Glenn C. Loury had a lot going for him in the 1980s. The first black to be tenured in economics at Harvard, Loury was a famed black neoconservative and opponent of affirmative action. He dined at the White House and joined the Reagan administration. Conservative journals vied for his work. He was on the “A” list for events hosted by people like William F. Buckley Jr. and William Bennett.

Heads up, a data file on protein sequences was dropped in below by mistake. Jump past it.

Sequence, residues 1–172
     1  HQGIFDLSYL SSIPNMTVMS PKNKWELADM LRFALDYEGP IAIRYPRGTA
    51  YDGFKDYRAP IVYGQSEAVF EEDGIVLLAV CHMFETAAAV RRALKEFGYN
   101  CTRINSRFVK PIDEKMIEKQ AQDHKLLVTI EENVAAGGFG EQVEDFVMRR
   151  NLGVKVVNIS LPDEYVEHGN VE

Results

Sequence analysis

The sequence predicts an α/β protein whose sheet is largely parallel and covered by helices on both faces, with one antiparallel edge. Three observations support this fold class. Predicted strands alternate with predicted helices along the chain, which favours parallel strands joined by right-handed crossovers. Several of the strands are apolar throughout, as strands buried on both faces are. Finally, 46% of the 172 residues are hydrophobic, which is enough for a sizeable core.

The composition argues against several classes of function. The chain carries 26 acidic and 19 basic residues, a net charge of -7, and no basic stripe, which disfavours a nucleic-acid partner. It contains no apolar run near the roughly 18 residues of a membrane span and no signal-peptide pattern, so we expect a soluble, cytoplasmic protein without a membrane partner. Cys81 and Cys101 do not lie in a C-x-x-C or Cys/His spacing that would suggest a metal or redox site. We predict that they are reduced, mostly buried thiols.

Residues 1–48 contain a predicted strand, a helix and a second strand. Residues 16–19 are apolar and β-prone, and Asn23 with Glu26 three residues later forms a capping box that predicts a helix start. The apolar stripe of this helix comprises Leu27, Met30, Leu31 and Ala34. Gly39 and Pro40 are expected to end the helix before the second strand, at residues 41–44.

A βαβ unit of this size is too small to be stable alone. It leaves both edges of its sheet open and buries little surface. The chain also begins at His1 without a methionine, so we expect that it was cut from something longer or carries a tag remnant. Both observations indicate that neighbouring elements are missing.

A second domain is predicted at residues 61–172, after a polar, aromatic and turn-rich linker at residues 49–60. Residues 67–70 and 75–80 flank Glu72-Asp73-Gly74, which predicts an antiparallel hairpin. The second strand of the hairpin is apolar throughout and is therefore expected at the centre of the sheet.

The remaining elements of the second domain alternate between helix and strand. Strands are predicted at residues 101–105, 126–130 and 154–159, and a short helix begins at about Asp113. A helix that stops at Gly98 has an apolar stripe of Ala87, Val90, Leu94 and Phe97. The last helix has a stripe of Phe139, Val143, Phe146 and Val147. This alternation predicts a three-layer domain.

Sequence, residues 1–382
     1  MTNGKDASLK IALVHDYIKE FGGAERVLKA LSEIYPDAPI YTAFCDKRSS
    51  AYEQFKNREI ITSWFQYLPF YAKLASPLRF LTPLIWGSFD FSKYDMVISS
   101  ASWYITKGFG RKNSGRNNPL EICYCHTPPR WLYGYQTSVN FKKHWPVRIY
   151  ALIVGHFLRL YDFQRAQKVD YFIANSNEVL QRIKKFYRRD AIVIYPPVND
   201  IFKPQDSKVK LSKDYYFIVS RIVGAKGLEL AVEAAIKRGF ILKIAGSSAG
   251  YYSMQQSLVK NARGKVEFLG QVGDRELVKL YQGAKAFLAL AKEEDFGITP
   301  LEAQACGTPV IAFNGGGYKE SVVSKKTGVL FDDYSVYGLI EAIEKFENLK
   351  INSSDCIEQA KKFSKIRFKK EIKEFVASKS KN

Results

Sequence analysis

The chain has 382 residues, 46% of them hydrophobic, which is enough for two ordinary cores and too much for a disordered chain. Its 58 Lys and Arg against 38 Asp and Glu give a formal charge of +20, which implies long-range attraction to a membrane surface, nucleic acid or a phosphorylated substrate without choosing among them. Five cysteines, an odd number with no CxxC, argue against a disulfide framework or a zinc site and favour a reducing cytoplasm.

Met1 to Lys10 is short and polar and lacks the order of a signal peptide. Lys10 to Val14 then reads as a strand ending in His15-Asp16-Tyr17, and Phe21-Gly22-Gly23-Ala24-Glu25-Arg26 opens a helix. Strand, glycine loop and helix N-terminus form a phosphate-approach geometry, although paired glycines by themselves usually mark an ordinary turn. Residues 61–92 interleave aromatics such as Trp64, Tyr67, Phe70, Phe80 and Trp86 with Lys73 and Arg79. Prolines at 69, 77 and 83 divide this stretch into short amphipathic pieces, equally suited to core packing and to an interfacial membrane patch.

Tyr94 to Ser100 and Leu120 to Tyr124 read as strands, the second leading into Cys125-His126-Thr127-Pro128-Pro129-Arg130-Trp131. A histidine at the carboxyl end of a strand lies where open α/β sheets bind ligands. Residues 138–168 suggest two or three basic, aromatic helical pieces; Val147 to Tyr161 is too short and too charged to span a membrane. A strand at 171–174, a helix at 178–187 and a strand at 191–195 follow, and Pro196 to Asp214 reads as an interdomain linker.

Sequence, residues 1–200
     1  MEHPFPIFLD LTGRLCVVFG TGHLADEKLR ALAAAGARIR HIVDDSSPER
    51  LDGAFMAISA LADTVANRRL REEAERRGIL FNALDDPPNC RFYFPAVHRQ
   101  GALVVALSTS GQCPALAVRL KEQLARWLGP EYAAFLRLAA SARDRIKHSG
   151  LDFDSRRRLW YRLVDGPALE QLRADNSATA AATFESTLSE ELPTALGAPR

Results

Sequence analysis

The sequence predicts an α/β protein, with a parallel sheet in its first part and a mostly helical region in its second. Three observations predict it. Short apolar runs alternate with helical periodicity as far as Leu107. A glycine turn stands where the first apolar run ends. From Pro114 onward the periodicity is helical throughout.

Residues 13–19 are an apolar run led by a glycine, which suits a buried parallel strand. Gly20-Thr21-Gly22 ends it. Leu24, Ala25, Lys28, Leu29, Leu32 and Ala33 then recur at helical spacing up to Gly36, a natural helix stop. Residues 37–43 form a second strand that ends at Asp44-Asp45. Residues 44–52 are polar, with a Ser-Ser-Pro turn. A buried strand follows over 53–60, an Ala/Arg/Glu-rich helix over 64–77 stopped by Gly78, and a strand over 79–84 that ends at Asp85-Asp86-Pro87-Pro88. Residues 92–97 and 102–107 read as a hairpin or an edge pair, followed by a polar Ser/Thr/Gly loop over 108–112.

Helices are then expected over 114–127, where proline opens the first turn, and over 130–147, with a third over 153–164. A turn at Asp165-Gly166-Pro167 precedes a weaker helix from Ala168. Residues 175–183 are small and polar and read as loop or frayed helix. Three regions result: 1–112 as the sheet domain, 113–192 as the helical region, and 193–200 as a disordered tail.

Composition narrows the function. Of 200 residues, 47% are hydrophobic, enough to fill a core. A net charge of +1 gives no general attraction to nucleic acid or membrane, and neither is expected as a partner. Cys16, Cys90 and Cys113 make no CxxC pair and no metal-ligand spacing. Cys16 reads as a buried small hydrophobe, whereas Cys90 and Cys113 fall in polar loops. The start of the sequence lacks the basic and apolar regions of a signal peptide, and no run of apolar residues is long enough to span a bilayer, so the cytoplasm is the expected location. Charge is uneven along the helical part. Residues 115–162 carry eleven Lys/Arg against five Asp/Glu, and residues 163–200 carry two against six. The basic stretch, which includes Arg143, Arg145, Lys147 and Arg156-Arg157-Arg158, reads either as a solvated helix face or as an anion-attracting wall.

But when Loury hit bottom as the result of a drug addiction in 1988, it was the 23rd Psalm, not friends in high places, that rescued him. He was in a court-ordered drug-rehabilitation program when an outreach worker from a black church urged him to pray the psalm.